War on Terrorism

Tuesday, September 07, 2010

Trainers Build New Afghan Health System

By Judith Snyderman
Emerging Media, Defense Media Activity

WASHINGTON, Sept. 3, 2010 – For hands-on medical professionals it is very difficult to stand back and watch others deliver care. Yet, that is precisely the job of some 250 members of a nine-month-old medical training advisory group serving in Afghanistan.

“That is our pathway to transition here, to help the Afghans perform and to increase their capability, not by doing [it] for them, but rather by advising them and stepping back,” U.S. Air Force Col. (Dr.) Schuyler K. Geller said during a Sept. 2 “DoD Live” Bloggers Roundtable discussion.

Geller is the command surgeon and commander of the medical training advisory group at Camp Eggers, NATO Training Mission-Afghanistan/Combined Security Transition Command-Afghanistan.

Geller said one of first things incoming advisors get is a medical mentor’s manual that describes their role, “not as a clinician, not as a nurse, not as a technician, but as a trainer.”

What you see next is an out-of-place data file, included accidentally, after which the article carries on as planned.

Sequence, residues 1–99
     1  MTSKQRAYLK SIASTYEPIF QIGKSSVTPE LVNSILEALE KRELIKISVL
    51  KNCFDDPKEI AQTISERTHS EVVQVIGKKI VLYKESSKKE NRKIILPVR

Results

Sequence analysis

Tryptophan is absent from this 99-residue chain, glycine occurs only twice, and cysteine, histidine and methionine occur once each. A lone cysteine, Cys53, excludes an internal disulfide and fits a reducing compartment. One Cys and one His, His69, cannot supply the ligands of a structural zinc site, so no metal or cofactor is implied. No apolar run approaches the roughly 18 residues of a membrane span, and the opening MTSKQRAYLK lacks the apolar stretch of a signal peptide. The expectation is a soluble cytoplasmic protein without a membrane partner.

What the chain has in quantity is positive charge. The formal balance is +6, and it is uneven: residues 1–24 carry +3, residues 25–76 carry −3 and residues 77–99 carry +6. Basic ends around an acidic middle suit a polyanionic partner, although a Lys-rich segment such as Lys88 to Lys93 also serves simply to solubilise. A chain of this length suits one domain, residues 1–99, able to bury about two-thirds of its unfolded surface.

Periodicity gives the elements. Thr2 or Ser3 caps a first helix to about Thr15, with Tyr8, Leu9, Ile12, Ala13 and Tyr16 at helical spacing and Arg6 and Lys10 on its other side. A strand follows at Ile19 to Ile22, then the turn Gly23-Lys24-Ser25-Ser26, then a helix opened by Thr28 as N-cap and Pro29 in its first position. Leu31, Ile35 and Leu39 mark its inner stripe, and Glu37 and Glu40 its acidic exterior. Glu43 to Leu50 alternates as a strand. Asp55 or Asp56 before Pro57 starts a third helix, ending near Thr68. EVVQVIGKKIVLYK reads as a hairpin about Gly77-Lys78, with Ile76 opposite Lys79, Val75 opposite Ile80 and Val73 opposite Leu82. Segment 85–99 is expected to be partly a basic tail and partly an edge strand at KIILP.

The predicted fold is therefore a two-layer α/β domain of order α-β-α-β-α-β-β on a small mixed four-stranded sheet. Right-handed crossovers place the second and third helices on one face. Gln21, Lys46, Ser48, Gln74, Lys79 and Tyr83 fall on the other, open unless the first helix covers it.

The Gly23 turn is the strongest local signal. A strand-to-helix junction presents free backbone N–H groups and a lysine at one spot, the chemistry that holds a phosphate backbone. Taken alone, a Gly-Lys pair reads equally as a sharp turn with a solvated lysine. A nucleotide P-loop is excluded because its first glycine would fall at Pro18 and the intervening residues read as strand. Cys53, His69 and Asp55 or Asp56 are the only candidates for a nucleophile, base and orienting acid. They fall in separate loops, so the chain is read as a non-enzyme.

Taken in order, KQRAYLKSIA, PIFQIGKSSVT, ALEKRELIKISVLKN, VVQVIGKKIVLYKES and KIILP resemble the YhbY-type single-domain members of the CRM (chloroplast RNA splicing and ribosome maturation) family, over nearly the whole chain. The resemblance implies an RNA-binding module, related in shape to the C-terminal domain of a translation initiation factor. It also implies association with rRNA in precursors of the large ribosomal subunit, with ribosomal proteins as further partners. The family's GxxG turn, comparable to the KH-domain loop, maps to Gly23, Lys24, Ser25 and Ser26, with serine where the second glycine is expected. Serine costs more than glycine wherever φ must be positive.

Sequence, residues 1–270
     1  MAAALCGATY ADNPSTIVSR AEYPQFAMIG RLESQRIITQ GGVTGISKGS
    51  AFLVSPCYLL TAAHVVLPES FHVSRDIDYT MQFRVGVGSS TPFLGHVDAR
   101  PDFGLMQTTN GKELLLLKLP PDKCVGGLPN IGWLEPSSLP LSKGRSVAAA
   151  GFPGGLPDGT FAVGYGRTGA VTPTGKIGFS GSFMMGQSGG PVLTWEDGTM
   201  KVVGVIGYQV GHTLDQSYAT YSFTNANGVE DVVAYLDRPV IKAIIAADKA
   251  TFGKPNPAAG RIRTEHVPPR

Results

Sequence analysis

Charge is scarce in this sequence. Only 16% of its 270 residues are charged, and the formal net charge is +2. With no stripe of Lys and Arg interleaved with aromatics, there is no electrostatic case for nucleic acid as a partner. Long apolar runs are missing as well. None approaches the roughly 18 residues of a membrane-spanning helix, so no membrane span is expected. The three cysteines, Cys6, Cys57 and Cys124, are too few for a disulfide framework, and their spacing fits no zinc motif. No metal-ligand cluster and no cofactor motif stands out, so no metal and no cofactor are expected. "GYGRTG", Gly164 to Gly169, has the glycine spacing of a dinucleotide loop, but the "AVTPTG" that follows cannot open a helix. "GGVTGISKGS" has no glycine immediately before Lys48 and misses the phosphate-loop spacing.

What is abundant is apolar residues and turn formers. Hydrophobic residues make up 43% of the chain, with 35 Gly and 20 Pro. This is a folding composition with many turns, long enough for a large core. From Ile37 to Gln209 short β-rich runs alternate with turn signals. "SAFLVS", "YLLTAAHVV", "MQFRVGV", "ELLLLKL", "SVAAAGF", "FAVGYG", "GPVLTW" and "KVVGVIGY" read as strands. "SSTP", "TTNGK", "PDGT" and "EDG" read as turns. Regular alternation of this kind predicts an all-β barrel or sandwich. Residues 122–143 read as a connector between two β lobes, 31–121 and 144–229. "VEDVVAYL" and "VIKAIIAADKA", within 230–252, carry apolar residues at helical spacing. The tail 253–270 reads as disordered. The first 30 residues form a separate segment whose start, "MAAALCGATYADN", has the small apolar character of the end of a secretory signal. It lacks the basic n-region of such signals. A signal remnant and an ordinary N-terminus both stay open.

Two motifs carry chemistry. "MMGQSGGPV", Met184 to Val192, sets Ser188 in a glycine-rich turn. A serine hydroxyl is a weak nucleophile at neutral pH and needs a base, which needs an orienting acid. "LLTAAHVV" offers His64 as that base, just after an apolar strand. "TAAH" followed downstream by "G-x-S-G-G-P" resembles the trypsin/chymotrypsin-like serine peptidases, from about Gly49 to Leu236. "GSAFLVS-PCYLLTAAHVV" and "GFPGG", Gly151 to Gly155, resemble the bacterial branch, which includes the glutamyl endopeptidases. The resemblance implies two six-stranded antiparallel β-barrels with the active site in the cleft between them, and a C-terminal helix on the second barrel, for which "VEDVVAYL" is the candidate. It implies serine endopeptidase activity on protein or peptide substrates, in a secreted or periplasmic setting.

He said mentors are often embedded in Afghan army and police hospitals, and at regional hospitals. The largest facility and the premier training institution for Afghan nurses, doctors and combat medics, Geller said, is the 400-bed National Military Hospital in Kabul.

The time and effort required to become proficient in medical fields is intensive, Geller said. For instance, he said, “the physicians’ training program in Afghanistan takes a 12th-grader and puts them through a seven-year training program.”

Geller said officials are working to recruit more Afghan doctors, nurses and other medical specialists to bolster the country’s medical force.

He pointed out that the goal is not just to train Afghan health care workers, but to train them as instructors who will be able to carry on and sustain the effort independently. Geller cited impressive progress on that front.

“We will be able to transition in October the combat medic training, the medical officer's basic training, the medical sergeants or NCO training program and the logistics training program, entirely over to the Afghans,” he said.

Geller said he anticipates completing the transition of the remainder of nursing, physician assistants, biomedical maintenance, preventative medicine, lab, X-ray and other training programs by 2013.

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